The 2023 NFL Draft generated $164.3 million in economic impact, according to city officials.
In data compiled by Visit KC, the city’s economic development organization devoted to tourism and marketing, the NFL Draft also produced large numbers for tax revenue, TV viewership and community engagement.
“One of the biggest takeaways is, our city can host big events,” said Kathy Nelson, president of Visit KC and the Kansas City Sports Commission.
The April 27-29 NFL Draft was one of the largest events in the city’s history, attracting an estimated 312,000 to the three-day football festival at Union Station and the National World War I Museum and Memorial.
The Visit KC economic-impact figures include $108.8 million in direct spending and $55.5 million in indirect spending. Some 60% of the direct spending was produced through accommodations and 18% through food and beverage, according to Visit KC.
Kansas City invested in the event, spending $3 million from the city’s Convention and Tourism Fund. The sports commission raised additional money through corporate partnerships.
The draft produced $11.2 million in local taxes and $4.8 million in state taxes, according to Visit KC.
Before the event, Nelson told the city council that the draft could bring $125 million in economic impact and $10 million in taxes.
Chiefs president Mark Donovan, who once served as the NFL’s senior director for marketing and sales, said he knew Kansas City would put its best foot forward.
“I wanted to show off Kansas City to the National Football League,” Donovan said. “Everybody knows about Arrowhead, and how special it is. This was an opportunity to show the kind of support fans will bring to an event like this.”
The draft attracted huge numbers for television audience on the ABC and ESPN networks and was the most engaging and viewed draft yet on NFL social media, with 875 million impressions, 39 million engagements and 230 million social views.
Visit KC said that from April 27-30, “Kansas City” was mentioned in relation to the draft nearly 35 million times through print, online, television and radio outlets.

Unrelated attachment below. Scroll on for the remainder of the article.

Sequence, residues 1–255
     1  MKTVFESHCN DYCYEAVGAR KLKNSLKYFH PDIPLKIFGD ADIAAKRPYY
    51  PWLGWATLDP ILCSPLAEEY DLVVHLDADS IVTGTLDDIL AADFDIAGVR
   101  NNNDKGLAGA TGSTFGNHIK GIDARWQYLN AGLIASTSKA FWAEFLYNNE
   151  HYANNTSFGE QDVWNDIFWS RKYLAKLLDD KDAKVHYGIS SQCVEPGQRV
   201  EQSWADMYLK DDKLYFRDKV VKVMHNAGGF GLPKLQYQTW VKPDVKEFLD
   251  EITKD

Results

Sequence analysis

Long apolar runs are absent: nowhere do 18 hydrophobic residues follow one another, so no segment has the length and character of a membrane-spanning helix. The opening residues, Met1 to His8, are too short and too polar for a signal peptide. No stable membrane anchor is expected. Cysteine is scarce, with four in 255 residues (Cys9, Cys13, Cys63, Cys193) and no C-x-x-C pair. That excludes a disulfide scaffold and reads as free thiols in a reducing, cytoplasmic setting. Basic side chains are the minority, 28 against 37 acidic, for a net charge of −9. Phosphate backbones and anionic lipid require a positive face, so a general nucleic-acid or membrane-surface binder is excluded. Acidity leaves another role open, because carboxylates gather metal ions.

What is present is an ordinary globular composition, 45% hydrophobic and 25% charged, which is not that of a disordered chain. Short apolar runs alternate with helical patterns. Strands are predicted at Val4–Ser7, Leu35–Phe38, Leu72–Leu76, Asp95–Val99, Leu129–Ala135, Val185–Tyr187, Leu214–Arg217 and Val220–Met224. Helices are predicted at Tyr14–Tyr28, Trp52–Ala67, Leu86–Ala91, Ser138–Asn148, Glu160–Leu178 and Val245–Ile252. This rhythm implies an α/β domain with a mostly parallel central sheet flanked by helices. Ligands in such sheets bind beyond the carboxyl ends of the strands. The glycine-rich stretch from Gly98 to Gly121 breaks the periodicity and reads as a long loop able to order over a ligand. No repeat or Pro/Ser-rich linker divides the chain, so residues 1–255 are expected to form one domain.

“As a community, we cannot underestimate the impact of tens of millions of people learning about Kansas City through this event,” Nelson said. “Whether someone chooses to come with friends for a visit or relocates their family here, our businesses — large and small — continue seeing unprecedented opportunity from Kansas City’s reputation as a welcoming and dynamic destination.”
Also, some 1,200 people worked 2,500 shifts in the weeks leading up to and following the draft. Women and minority-owned businesses accounted for about half of the 25 onsite food vendors, all of whom were local. Those businesses generated $1.12 million in sales, Visit KC said.
More than 68,000 pounds of beverages, meals, packages snacks were donated to Harvester’s Food Bank and Pete’s Garden. Two dozen non-profits received hundreds of thousands in donated materials.
Not all area businesses thrived during the draft, however. Some near the draft site didn’t experience the foot traffic they’d hope for, and others were hampered by closed roadways and high parking prices.
But Kansas City Mayor Quinton Lucas called the NFL Draft in KC “a resounding success,” noting, “Kansas City has proved once again what our community has known for some time: Kansas City is the nation’s premier sports city.”